4.2.7  Regulation of carrier proteins

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(a)  Effects of nutrition on Vmax and Km

Molecular biology is improving our understanding of ion transport as genes encoding membrane proteins are cloned. Transport of K+ is better understood at a molecular level than that of other plant nutrients. Additionally, a mycorrhizal ortho-phosphate transporter is described in Section 3.5. The greatest challenges lie in elucidating ways in which ion carriers are regulated (Glass 1983; Michelet et al. 1994). The following account of the plasticity of uptake systems in plants demon-strates that ion transporter activity is tightly controlled within membranes.

Absorption of a particular ion is affected by the amount of that ionic species already present in the tissue — as con-centration increases, influx decreases in a logical feedback. The effects are specific. For example, roots which are deficient in sulphur absorb sulphate ions about 20 times faster than non-deficient roots. However, the rate of orthophosphate absorption is not increased in sulphur-deficient tissue (Hawkesford and Belcher 1991). Slower rates of absorption when luxury amounts of an ion are present are due to repression of ‘high-affinity’ transporters. Even though ‘high-affinity’ transporters are ‘repressed’ when nutrient requirements are low, ‘low-affinity’ transporters are ‘constitutive’, that is, present and functioning regardless of the amount of the ion in the tissue. However, repression or activation of ‘high-affinity’ transporters is not the sole basis of regulation of ion uptake. In a study of ‘high-affinity’ K+ absorption by ryegrass and white clover roots, Km and Vmax changed with K+ status of tissues (Figure 4.17); higher internal K+ concentrations reduced the affinity of carrier proteins for K+ and slowed the maximum rate of K+ absorption. In addition to the site directly involved in transporting ions, transporters must have other sites which bind substrate ions. These other sites are situated on a cytoplasmic domain of the protein and influence ion transport, but only in an indirect ‘allosteric’ way. When there is an increase in the cytoplasmic concentration of the ion, a higher proportion of these binding sites is occupied by ions. A process-based model of ion transport predicts four binding sites for this ‘high-affinity’ K+ transporter (Glass 1976). Binding causes a subtle change in tertiary structure of the transporter, lowering its affinity for transporting ions and reducing the rate of transport. In this way, evolution of the protein has given the plant control over its internal ion status. The details of this allosteric binding are still not defined.

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Figure 4.17 Potassium (K+) absorption was measured as uptake of radioactive Rb+ (a tracer) by roots of plants which had been grown in different levels of K+. In ryegrass, K+ deficiency elevated Vmax without much effect on Km whereas in clover, K+ deficiency elevated affinity for K+ (lower Km) without much effect on maximum uptake rate (Vmax)

Orthophosphate uptake by Arabidopsis seedlings is regulated differently. In this case, Km of the ‘high-affinity’ transporter does not change but the rate of absorption increases three-fold when plants are phosphorus deficient. For the ‘low-affinity’ mechanism, Km decreases during phosphorus deficiency (i.e. affinity of orthophosphate for the transporter increases) but, rather unexpectedly, Vmax decreases. Such a response is counter-intuitive but lowering phosphate uptake capacity in plants that are phosphorus deficient might be related to lower growth rates leading to lower nutrient demand. For orthophosphate ions, an allosteric regulation of absorption would not be expected to operate in the same way as it does for K+. The cytoplasmic concentration of orthophosphate ions is tightly controlled and it only changes when phosphorus deficiency is very severe. Low cytoplasmic concentrations cannot therefore provide the basis for an allosteric feedback on uptake. In the case of orthophosphate, and possibly other ions, there is another factor contributing to the regulation of net absorption — an efflux of orthophosphate from the cells. This efflux is significantly lower in plants that are phosphorus deficient (see Case study 4.1).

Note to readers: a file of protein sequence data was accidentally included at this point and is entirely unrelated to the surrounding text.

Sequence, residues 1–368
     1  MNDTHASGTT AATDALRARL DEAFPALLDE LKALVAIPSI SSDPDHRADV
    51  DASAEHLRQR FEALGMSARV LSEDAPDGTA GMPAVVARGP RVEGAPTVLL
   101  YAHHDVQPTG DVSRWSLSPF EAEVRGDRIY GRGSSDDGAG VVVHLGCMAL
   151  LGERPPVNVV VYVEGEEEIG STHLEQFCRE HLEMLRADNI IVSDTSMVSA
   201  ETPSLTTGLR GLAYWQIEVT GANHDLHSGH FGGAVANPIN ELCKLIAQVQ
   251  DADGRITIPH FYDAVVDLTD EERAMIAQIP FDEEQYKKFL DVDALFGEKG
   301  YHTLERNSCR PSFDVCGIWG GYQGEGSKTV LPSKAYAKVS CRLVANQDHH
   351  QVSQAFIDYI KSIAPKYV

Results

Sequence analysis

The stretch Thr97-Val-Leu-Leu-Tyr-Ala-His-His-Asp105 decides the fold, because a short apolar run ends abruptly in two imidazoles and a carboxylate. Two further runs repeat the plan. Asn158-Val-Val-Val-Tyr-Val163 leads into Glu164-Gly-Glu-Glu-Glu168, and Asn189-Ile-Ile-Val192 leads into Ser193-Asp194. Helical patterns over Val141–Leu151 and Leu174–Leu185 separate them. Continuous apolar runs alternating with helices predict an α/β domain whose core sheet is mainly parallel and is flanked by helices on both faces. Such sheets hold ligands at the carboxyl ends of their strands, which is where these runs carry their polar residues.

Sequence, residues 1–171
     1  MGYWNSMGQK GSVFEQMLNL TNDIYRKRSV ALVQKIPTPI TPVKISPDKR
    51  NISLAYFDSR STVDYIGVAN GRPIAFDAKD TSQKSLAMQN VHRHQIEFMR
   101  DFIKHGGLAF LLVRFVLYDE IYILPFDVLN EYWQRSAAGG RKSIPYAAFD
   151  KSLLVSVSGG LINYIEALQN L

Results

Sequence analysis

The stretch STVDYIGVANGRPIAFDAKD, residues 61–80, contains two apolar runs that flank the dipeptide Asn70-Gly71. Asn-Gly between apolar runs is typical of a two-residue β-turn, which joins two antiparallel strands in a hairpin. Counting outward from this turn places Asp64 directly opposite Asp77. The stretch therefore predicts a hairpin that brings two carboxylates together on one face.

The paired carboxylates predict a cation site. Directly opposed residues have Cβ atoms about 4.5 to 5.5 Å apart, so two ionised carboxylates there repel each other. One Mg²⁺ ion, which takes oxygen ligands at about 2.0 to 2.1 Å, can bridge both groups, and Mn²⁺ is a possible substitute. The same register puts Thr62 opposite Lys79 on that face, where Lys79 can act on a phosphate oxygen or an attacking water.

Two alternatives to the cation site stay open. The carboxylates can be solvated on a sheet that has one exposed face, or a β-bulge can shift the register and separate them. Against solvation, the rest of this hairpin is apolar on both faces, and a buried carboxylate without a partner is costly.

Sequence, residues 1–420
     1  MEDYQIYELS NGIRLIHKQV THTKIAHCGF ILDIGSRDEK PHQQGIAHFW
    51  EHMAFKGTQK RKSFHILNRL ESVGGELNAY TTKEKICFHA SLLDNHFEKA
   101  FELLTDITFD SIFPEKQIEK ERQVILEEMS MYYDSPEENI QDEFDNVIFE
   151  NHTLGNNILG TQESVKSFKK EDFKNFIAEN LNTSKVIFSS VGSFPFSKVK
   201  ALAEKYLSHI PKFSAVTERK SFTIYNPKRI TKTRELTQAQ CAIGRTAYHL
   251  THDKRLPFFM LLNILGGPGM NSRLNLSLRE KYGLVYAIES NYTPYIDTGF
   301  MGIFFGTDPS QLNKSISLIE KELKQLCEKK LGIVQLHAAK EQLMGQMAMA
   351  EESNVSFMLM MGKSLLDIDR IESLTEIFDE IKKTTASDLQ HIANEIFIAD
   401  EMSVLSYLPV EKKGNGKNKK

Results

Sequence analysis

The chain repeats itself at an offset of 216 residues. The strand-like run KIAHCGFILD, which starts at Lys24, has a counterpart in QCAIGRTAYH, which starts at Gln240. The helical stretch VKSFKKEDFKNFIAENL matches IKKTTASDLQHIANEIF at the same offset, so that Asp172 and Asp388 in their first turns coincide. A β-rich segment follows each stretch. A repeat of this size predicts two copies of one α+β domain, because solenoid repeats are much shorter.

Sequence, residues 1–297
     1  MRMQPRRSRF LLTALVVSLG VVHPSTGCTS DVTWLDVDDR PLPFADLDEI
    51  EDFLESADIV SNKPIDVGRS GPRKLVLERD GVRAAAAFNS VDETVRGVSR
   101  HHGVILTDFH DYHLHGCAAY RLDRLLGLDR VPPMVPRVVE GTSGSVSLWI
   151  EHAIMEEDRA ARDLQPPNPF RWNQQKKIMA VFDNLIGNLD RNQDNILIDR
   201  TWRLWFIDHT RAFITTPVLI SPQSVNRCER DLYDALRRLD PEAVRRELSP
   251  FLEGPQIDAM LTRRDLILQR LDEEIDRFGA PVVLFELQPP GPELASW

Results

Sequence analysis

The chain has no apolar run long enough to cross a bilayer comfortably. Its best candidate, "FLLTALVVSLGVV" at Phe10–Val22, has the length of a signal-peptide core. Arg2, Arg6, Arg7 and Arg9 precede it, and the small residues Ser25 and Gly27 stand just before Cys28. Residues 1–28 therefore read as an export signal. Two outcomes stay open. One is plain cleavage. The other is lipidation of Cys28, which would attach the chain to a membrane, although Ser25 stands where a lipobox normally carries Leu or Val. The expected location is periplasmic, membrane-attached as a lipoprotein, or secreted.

(b)  Specificity of ion carrier proteins

Ion transporters can show very high levels of specificity. Ions which are very similar chemically to the transported ion may not be transported at all. For example, the ‘high-affinity’ K+ transporter recognises K+ but not Na+ ions even though the two are chemically very similar (they are adjacent alkali metals in the Periodic Table). However, the same transporter absorbs Rb+ with very similar kinetics to K+ absorption; Rb+ is also an alkali metal but is larger than K+. When K+ and Rb+ ions are both present, they compete for the transporter according to their relative concentrations (see Figure 1 in Case study 4.1). Transport appears to require binding of ions to a recognition site on the transporter, conferring specificity. Other examples of specificities are transporters which absorb Zn2+ and Cu2+ but not Ca2+, Mg2+, Mn2+, Fe2+ or Co2+ and one which trans-ports Cl and Br but not F or I. The ions NO3 and ClO3 are also absorbed by the same transporter. In some experi-ments, good use has been made of these specificities. The radioactive isotope of rubidium, 86Rb+, is widely used as a tracer for K+ because the K+ isotope has an inconveniently short half-life. Similarly 36ClO3 is used as tracer for NO3 for which there is no useful radioactive form.

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